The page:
Apple has officially commented on the ongoing bending iPhone 6 controversy, saying that an iPhone bending with normal use is “extremely rare.” In a quote to the Financial Times, a spokesperson for the company said that only 9 people have complained of the issue since the 6 and 6 Plus went on sale last Friday.
Here’s Apple full media statement on the matter:
Our iPhones are designed, engineered and manufactured to be both beautiful and sturdy. iPhone 6 and iPhone 6 Plus feature a precision engineered unibody enclosure constructed from machining a custom grade of 6000 series anodized aluminum, which is tempered for extra strength. They also feature stainless steel and titanium inserts to reinforce high stress locations and use the strongest glass in the smartphone industry. We chose these high-quality materials and construction very carefully for their strength and durability. We also perform rigorous tests throughout the entire development cycle including 3-point bending, pressure point cycling, sit, torsion, and user studies. iPhone 6 and iPhone 6 Plus meet or exceed all of our high quality standards to endure everyday, real life use.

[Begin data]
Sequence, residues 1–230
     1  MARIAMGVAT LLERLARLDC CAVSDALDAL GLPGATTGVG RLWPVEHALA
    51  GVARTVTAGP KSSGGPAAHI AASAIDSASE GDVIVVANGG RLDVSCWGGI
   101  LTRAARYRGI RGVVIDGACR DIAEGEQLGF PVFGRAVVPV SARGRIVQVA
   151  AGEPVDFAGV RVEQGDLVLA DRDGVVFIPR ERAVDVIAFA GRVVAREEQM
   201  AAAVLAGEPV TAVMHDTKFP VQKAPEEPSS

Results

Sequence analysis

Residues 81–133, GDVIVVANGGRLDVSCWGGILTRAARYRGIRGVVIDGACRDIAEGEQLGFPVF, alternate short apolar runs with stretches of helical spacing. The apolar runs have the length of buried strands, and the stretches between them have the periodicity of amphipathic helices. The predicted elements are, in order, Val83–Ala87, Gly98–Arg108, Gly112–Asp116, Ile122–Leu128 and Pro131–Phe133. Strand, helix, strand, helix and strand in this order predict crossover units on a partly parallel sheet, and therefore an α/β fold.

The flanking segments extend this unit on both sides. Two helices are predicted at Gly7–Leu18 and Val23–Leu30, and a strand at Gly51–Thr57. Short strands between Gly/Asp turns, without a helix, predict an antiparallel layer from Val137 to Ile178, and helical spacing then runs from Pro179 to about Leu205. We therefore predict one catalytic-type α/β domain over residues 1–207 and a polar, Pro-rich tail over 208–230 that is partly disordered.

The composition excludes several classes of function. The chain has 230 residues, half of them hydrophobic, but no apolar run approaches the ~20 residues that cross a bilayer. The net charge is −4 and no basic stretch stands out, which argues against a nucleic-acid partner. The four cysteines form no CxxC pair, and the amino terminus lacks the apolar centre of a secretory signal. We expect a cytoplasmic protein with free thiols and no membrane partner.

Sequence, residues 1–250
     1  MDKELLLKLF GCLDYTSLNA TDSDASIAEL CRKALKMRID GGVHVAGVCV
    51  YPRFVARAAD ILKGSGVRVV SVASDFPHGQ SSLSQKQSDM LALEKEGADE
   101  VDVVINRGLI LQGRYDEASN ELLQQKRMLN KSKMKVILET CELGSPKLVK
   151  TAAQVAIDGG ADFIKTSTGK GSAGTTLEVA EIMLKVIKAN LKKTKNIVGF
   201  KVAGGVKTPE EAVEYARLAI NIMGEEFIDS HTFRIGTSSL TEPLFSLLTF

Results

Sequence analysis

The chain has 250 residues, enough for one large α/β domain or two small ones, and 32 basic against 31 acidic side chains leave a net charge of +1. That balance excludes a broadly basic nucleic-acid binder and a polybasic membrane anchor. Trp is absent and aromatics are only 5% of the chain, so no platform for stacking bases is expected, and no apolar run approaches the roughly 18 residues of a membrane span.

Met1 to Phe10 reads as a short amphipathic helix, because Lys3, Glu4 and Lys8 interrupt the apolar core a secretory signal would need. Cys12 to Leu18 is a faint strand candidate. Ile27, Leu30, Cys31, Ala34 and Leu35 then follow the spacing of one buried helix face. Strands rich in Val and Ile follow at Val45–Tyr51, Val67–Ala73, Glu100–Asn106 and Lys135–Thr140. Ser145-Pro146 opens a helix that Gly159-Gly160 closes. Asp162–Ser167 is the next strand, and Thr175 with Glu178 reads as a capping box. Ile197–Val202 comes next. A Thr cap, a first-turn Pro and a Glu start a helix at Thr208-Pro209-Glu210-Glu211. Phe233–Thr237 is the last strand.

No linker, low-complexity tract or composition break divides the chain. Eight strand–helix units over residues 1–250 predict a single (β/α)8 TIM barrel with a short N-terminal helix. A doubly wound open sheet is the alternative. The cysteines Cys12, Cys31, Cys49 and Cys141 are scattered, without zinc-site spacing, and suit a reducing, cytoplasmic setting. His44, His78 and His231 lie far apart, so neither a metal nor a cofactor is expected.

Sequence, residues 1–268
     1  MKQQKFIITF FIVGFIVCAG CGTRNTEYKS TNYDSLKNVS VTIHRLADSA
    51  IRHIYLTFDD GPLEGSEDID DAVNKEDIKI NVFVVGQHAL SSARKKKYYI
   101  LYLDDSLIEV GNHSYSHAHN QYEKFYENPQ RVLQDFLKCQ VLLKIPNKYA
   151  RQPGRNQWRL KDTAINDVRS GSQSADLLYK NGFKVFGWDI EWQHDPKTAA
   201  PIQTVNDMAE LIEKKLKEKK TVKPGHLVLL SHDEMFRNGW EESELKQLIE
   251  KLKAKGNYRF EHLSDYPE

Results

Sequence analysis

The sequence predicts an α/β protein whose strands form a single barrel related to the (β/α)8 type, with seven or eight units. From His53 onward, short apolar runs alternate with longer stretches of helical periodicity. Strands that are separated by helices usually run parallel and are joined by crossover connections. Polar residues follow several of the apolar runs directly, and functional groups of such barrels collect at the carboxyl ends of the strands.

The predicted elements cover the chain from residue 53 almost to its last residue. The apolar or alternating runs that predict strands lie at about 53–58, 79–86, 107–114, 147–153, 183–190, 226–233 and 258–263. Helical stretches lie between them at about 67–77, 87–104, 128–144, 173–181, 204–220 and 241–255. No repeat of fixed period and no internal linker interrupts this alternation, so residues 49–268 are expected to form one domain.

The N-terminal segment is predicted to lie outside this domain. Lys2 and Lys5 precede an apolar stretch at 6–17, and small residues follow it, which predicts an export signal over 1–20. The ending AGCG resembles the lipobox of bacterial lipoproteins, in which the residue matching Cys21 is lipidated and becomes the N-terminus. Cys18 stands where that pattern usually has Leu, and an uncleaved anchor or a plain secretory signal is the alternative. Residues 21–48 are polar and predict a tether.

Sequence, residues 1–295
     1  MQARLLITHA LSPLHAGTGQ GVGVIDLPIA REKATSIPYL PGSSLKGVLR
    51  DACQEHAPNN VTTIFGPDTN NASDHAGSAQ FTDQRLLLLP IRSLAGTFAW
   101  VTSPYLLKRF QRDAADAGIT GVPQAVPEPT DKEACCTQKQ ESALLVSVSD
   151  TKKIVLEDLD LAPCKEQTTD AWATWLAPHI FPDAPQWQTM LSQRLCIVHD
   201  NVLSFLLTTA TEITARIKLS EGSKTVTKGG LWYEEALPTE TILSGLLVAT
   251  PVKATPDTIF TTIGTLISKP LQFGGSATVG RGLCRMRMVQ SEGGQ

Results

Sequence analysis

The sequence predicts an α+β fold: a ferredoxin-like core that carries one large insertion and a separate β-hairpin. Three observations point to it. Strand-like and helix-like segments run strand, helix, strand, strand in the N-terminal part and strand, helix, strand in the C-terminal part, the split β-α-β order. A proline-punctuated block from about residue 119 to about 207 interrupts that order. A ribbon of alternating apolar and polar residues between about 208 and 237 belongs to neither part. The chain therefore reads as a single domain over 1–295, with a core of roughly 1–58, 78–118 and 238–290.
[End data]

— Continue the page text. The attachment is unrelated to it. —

With normal use a bend in iPhone is extremely rare and through our first six days of sale, a total of nine customers have contacted Apple with a bent iPhone 6 Plus. As with any Apple product, if you have questions please contact Apple.
Apple is responding to ongoing controversy over the bendability of its two new iPhones—more specifically the larger iPhone 6 Plus. It started a few days ago with a handful of complaints from 6 Plus owners, who claimed that their handsets became disfigured in their pockets during a normal day of carry and operation.
On Tuesday, the issue reached viral status (see bendgate) when popular YouTube channel Unbox Therapy posted this video of an iPhone 6 Plus being bent by the host’s hands. Some feel that the demonstration is misleading, as he applies significant force to the device, but the clip is now at 24 million views and counting.
If you feel that your new iPhone has become warped during normal usage, a report from The Next Web suggests you may be able to get it replaced. A support staffer told the site that if it passes an inspection test, an Apple Store genius can opt to swap it out. Keep in mind, though, this is not an official Apple comment.
After announcing record iPhone sales on Monday, this week has turned into a PR nightmare for Apple, who is also dealing with Wednesday’s 8.0.1 debacle. And despite its statement today, “bendgate” is far from over, as Consumer Reports has announced it’s currently performing extensive tests on the new iPhones.